MENU

back to top

NEWS & MEDIA

Scholar Melissa Thomas Shares Her Military Experiences through Writing

Yale Murmurs   |   By Melissa Thomas, 2016 Tillman Scholar   |   May 1, 2017

2016 Tillman Scholar Melissa Thomas‘ experiences both in the military and suffering the loss of her husband have made her realize how important relationships are and finding fulfillment in people as opposed to working on the next thing to add to a resume. With aspirations of earning her Medical degree from Yale University, Melissa has her sights set on a lifetime commitment to service either by re-joining the Army, working in the Public Health Service or the VA.

Not writing since she was a kid, Melissa recently got back into writing when she started medical school as a way to write down the experiences that happened to her while in the Army and share with her family and friends. Last spring Melissa earned first place in prose and poetry in the Yale School of Medicine literary magazine. The following is a piece published my Melissa in the magazine…

Dignity in the Desert

“Just keep breathing”
My last words
To a girl who spoke English as a second language,
Maybe third.
Did she hear me? Were her ears open?
As she gasped and wheezed
Through the tube
Protruding from her neck
A sign I took for positive –
No one squeezing air into her
Breathing on her own.
Small frame on a bulky green litter
Being lifted into the backseat of a vehicle.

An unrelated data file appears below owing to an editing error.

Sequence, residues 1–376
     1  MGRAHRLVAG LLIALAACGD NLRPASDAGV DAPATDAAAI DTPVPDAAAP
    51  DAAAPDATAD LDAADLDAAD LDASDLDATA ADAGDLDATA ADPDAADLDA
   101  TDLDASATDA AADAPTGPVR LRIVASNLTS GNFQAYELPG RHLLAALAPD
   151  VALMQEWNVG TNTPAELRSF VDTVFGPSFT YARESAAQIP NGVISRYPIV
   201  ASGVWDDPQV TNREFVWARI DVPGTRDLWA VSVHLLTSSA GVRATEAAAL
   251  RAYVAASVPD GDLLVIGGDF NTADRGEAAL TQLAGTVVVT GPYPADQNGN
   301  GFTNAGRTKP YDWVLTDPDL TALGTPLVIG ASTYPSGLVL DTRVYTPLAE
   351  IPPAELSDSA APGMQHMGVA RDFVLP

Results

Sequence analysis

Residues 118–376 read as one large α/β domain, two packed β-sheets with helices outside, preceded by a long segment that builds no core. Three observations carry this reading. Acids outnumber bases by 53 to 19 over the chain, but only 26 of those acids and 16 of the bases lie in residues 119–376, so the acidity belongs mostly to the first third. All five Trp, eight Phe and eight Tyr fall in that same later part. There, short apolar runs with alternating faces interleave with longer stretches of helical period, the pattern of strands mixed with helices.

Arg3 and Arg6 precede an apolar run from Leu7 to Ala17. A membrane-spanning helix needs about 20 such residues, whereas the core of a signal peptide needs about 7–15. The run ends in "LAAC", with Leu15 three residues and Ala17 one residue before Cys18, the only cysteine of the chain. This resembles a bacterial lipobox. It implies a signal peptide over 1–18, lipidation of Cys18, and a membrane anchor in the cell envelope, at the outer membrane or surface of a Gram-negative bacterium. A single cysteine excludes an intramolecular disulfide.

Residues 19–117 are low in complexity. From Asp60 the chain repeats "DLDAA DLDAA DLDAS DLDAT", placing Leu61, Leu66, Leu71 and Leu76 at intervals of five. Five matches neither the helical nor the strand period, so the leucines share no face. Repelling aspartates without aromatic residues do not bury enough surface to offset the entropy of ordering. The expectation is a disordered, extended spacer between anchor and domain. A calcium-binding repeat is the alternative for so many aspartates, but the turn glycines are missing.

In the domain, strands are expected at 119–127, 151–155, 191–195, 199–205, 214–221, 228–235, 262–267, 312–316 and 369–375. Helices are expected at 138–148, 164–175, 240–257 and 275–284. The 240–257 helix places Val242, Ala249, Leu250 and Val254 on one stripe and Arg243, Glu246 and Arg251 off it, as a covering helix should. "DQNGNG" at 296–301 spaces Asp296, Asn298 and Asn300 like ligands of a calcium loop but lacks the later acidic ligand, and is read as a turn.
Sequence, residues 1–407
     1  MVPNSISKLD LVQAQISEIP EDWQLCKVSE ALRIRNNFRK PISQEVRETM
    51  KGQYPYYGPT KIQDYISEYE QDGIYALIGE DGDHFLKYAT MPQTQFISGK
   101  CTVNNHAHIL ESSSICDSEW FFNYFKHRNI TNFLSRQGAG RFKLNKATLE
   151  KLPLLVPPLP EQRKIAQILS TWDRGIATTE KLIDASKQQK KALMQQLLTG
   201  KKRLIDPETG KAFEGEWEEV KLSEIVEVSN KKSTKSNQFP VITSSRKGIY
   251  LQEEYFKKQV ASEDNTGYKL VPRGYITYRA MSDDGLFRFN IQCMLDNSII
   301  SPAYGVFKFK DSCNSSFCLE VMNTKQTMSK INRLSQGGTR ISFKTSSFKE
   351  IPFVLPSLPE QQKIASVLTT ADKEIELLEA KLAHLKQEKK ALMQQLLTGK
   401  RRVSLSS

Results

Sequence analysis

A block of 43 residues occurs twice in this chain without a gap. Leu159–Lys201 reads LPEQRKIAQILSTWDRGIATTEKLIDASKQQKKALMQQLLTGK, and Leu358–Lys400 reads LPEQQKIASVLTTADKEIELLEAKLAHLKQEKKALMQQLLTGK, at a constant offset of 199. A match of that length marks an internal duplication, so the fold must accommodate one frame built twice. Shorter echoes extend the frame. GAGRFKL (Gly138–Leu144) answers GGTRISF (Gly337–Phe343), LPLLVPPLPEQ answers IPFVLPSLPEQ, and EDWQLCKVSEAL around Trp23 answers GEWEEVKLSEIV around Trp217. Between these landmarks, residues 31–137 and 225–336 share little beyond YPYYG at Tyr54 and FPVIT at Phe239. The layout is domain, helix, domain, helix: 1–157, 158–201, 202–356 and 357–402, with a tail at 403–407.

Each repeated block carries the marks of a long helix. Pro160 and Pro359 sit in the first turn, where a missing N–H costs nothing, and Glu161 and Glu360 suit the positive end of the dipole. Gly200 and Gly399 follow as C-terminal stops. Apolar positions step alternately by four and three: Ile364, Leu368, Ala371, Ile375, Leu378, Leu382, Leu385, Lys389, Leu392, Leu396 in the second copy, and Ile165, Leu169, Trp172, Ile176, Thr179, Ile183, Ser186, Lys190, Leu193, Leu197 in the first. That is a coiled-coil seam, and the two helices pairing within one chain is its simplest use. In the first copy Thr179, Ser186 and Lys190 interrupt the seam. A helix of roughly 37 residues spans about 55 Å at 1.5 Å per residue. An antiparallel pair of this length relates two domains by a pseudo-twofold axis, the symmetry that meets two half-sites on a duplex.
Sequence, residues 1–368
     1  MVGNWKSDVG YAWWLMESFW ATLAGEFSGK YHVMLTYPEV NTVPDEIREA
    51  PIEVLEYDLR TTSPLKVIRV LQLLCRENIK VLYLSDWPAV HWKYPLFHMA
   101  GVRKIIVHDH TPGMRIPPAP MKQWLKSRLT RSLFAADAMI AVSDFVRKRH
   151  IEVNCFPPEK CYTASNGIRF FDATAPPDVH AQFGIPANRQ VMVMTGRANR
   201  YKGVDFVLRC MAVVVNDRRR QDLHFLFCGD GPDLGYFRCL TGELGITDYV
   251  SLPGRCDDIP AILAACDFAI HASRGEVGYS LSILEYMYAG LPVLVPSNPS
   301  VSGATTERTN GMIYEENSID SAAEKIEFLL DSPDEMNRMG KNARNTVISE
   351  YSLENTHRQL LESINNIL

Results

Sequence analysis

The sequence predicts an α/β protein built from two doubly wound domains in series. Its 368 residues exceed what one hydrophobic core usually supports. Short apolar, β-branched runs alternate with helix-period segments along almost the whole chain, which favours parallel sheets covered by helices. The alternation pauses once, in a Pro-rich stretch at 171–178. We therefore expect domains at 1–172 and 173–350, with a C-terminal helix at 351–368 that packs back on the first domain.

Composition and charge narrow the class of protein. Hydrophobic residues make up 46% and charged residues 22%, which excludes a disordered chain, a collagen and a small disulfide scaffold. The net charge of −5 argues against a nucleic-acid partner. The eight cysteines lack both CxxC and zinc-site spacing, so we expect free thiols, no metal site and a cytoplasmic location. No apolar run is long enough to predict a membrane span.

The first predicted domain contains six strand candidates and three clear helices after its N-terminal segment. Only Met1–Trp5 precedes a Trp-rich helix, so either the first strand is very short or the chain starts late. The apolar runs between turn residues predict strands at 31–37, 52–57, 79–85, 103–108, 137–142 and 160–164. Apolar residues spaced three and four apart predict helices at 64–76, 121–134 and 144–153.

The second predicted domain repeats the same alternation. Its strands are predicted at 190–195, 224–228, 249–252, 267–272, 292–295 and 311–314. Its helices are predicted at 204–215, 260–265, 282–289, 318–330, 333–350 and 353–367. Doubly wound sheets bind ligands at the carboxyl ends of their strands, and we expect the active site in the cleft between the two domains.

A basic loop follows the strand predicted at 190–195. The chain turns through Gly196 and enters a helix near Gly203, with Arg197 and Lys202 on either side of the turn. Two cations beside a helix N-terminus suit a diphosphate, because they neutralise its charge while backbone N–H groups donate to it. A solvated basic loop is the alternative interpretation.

Sweat soaking my uniform
In the dusty Iraqi wasteland –
My heart rate still racing
A sandstorm coursing through my veins
From the explosion minutes before
A war scene unfolding before my eyes
No movie screen shielding me from the inferno.
“Just keep breathing”
Not profound words, encouragement
In stark contrast to the sharp tone of the physician’s assistant
Discouraging us moments before –
“Don’t bother, that’s not what’s going to kill her.”
I grabbed trauma sheers
Sliced through smoky camouflaged pants in jagged lines
Reached for a bandage with a shaky hand
Pressing down on a wound oozing yellow
Not registering the exposed fat on her thigh,
Only prepared to see red.
The medic across from me
Met my quick, frantic glance
His eyes shared the same desperation
We couldn’t help her breathe
But her clothes would no longer scorch and singe her
Her legs would be bandaged
Not exposed.
Dignity in the desert.
“Just keep breathing”
My voice trembling like a rambling tank
I closed the door to the truck
For her drive up the road
To catch the ride on the helicopter,
That would never take her.